By Andrew Bell
Faculty Member, Criminal Justice
and Bruce Razey
35-year police veteran
This is the final article in a three-part series on the riot that occurred at the Capitol Building on January 6, 2021. In this series, we will explore potential key questions, failures, outcomes and implications to the criminal justice system concerning what will likely be known as the most infamous riot in modern history. Read the first and second article in this series.
Can what the President said prior to the D.C. riot be considered a crime? House Representatives voted to impeach the President on the one charge of “incitement of insurrection.” While Congress is not a court, impeachment is a quasi-criminal process with the House acting like a grand jury and the Senate as the trial court.
Impeachments start with the charges of “high crimes and misdemeanors.” To us, as previous detective supervisors, that equates to offenses that are felonies (high crimes) and misdemeanors (lesser but still criminal offenses).
Start a Criminal Justice degree at American Military University.
In addition, the U.S. criminal justice system is adversarial, with a prosecution and a defense. No one is sure who will represent the President or what defense will be provided.
There was a rumor that Rudy Giuliani would be part of that representation. However, Giuliani recused himself from defending Trump because he was part of the rally and witnessed the President’s speech. Although we have seen it on TV, attorneys cannot defend or prosecute someone when the attorney was a co-conspirator or witnessed the actions of the accused.
The Rules of Impeachment
The rules of impeachment are very similar to the rules of the criminal court. But other, more complex questions to consider are:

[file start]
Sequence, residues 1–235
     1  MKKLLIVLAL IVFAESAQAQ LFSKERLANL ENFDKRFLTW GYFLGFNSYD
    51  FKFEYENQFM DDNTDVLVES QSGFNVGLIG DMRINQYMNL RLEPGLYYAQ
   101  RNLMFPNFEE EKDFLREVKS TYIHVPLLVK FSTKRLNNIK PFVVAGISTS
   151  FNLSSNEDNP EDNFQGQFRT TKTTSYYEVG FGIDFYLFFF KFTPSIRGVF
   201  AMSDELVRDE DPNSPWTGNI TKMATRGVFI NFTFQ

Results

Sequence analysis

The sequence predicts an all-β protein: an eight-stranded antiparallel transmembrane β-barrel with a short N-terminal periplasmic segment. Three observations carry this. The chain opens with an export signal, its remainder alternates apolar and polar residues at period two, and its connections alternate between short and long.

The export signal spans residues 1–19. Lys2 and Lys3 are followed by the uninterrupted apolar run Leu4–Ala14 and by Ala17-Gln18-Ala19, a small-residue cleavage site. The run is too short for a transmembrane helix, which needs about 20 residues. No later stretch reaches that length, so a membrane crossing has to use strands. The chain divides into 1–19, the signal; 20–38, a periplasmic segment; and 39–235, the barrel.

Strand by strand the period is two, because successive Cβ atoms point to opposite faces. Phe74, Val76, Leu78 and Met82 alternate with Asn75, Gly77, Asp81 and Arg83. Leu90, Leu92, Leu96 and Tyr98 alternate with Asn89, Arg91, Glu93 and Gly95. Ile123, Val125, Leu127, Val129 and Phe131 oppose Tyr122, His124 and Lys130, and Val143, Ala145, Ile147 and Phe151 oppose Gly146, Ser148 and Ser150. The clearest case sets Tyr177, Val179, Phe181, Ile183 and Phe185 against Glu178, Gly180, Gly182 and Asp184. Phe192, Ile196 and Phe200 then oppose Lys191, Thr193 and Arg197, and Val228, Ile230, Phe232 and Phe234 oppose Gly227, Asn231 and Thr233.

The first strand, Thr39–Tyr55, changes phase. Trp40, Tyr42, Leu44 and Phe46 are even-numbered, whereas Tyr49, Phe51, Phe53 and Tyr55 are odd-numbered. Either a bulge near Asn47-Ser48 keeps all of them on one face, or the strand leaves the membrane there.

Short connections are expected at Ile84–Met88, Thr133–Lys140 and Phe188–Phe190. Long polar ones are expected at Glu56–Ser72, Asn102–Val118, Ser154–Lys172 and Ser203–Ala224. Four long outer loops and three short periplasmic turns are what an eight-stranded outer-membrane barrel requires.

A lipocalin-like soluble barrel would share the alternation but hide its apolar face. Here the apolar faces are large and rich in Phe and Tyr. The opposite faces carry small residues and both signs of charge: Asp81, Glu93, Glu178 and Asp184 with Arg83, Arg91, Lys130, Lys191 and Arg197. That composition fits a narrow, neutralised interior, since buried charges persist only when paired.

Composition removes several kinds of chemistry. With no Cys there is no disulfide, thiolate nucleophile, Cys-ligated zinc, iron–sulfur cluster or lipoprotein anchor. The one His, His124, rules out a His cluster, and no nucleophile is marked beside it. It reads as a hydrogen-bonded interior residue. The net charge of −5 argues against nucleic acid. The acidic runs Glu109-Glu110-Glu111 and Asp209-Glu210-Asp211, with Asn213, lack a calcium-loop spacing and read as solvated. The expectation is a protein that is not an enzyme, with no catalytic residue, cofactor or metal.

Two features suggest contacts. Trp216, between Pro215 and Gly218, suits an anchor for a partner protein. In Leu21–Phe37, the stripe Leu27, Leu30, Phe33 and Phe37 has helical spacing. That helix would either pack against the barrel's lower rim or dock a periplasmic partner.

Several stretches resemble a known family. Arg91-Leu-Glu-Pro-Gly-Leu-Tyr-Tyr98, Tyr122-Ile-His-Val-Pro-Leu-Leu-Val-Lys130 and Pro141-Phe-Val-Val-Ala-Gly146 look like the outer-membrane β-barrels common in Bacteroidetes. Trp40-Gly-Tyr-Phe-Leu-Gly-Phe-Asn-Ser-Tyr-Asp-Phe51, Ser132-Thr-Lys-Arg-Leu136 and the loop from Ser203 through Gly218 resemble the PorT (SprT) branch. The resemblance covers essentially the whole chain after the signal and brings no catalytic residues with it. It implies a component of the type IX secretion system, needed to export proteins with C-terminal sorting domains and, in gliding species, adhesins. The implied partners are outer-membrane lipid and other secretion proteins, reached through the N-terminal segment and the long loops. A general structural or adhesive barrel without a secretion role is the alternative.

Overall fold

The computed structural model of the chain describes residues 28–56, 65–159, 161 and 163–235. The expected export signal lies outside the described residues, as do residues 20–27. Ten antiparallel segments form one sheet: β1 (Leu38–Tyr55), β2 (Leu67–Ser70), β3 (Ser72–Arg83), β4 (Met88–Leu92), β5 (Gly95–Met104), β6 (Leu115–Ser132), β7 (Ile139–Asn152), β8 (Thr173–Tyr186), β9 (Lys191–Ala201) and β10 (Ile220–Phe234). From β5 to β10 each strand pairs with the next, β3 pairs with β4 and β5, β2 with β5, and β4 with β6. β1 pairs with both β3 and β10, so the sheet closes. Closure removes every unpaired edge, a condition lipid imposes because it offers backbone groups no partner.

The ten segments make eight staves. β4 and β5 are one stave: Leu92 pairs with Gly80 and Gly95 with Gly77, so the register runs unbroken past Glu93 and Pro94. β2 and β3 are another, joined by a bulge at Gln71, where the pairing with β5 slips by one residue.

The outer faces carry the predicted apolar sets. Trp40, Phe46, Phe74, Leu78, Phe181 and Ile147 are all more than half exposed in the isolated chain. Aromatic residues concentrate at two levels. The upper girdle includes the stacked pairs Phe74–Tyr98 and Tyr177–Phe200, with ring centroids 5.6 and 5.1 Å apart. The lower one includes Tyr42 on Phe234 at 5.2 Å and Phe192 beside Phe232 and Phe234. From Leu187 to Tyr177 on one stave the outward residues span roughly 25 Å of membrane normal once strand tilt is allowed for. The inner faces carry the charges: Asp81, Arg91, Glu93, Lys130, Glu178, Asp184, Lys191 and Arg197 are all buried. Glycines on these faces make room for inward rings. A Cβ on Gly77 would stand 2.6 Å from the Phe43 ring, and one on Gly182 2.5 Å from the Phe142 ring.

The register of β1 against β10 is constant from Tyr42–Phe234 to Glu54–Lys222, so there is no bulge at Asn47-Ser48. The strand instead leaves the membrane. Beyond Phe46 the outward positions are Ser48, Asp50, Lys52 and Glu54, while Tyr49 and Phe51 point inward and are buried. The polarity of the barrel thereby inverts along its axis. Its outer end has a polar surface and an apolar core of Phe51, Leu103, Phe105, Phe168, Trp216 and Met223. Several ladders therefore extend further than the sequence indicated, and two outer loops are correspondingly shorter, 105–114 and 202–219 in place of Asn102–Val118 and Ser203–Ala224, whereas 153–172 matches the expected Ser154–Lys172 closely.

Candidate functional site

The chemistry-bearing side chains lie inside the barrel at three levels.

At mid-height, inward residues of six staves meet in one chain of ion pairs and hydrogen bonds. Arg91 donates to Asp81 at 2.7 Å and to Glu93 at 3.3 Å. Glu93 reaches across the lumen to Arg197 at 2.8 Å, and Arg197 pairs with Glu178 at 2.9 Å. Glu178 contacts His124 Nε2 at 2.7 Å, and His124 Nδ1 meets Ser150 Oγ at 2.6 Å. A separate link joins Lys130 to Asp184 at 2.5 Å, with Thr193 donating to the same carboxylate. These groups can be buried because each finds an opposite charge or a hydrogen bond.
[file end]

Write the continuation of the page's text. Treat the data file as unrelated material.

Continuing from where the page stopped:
- Since the impeachment trial is not a criminal court trial, is there a double jeopardy rule?
- Can the President, once out of office, still face criminal charges?
According to the Constitution, Article 1, Section 3, Clause 7, the answer is yes. The Constitution states, “the Party convicted [Impeached] shall nevertheless be liable and subject to Indictment, Trial, Judgment and Punishment, according to Law.”
What will be the President’s defense on the charge of inciting insurrection? The one and only defense must be based on his First Amendment rights.
This debate is not new. The most famous and most quoted constitutional analogy on the subject is “Falsely Shouting ‘Fire’ in a Crowded Theater.” Those words were spoken by Supreme Court Judge Oliver Wendell Holmes in the 1919 case U.S. v. Schenck, which created a doctrine of “clear and present danger” as a guide to when free speech is not protected.
Although the case had nothing to do with fire, it did set the stage for future debates and cases concerning constitutional rights. Later in Brandenburg v. Ohio (1969), the Court overturned Schenck and some say rendered Holmes’ analogy inaccurate for determining free speech.
The Brandenburg case gave more latitude for the types of free speech and indicated that even hate speech from KKK members is protected if it does not provoke imminent violence. The Supreme Court also replaced the “clear and present danger” doctrine with one of “imminent lawless action” and that the intent for lawless action must also be “likely.” Some legal sources use the word “immediate” or cause “immediate harm” to describe the action, rather than just some action that occurs sometime in the future.